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Evaluating Social Programs at the State and Local Level: The JTPA Evaluation Design Project.

Evaluating Social Programs at the State and Local Level: The JTPA Evaluation Design Project. Edited by Ann Bonar Blalock. (W. E. Upjohn Institute for Employment Research, 1990), 410 pages. Reviewer: Kathleen Hunter Sloan, Ph.D., Associate Professor of Public Administration, University of Hartford, Barney School of Business and Public Administration

The efficiency and effectiveness of government social programs in relation to their legislative purposes have long been a concern not only to program managers but also to accountable public policy decision-makers and tax-paying members of their constituencies. Social programs created to address the goals of combatting unemployment and underemployment among the less skilled and more socially-disadvantaged groups have been raised questions of efficiency and effectiveness. The disturbing funding, coverage, and administrative problems in state unemployment compensation programs, established as part of the national economic security system under the Social Security Act of 1935, present widespread problems.(1) In the light of changing employment opportunities in the labor force in the United States, books that attempt to improve analytical capabilities for judging the effectiveness of such programs merit serious attention. Evaluating Social Programs at the State and Local Level: The JTPA Evaluation Design Project is such a book.

The ambitious goals of a number of new social programs established by Congress in the 1960's and 1970's stimulated social scientists' efforts to develop the field of evaluation research. The federal government supported the need for more objective program evaluation and funded the cost of the mandated evaluation of a number of employment-related programs. During the 1980's, as policy-makers shifted program administrative responsibility from the federal to state and local government levels, they also shifted the mandatory responsibility for program evaluation to those governmental levels. It is the need for state and local governments to undertake comprehensive and objective program evaluation that led to the Washington State Employment Security Division's initiation of the JTPA Evaluation Design Project and, subsequently, to the publication of this book.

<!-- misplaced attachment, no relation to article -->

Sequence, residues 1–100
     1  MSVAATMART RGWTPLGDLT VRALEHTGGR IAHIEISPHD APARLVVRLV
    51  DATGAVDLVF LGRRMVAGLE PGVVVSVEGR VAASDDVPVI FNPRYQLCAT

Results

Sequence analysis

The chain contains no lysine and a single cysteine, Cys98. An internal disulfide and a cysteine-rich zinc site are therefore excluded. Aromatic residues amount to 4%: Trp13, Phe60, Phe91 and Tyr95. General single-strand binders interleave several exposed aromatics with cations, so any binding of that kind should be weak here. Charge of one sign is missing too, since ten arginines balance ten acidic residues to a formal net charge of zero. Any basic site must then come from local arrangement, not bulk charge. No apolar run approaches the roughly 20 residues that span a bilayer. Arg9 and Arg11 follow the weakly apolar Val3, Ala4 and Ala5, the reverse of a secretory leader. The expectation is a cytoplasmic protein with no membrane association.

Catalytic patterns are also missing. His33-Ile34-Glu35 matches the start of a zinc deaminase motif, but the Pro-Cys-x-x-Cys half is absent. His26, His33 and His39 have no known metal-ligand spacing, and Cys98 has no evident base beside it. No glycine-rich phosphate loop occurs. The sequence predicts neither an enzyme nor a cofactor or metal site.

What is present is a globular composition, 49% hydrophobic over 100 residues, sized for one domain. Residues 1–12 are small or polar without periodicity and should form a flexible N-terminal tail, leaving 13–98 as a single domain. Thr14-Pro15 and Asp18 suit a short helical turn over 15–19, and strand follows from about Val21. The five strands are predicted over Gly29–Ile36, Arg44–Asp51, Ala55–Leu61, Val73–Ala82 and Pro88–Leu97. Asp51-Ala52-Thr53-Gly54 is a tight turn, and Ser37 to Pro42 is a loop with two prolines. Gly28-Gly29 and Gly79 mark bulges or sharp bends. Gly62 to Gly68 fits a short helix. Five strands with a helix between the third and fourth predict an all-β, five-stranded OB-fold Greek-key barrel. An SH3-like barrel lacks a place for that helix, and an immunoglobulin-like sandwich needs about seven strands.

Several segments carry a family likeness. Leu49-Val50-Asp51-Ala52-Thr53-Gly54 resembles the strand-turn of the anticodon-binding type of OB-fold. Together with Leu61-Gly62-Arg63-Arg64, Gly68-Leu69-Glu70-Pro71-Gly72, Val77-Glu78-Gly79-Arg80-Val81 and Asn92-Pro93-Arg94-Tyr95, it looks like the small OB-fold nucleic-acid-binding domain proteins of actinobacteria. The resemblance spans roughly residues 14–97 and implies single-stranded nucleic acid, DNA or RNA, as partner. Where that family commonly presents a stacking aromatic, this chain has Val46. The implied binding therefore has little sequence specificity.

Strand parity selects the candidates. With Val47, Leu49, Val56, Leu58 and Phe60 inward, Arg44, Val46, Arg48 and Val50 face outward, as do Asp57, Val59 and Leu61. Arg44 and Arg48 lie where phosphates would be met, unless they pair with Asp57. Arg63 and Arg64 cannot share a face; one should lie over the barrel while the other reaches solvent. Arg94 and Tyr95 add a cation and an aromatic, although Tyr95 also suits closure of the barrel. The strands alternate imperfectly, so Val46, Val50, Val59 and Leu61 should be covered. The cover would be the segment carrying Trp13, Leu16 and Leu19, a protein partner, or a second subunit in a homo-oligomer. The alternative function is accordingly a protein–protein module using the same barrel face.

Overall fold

Ann Bonar Blalock, the editor and one of the contributing authors of the book, identifies its purpose as the encouragement of program evaluation as a program management and policy tool for those officials in state and local government who are responsible for implementation, operation, and evaluation of social programs. The book resulted from her participation, and that of the other authors, in the JTPA Evaluation Design Project, which was developed to evaluate the State of Washington's job training programs under the Job Training and Partnership Act passed by Congress in 1982. The JTPA replaced the Comprehensive Employment and Training Act (CETA) program, which had created public employment training by local governments. The new act stressed the involvement of the private sector in job training and gave state governments the responsibility for program design, management, and evaluation.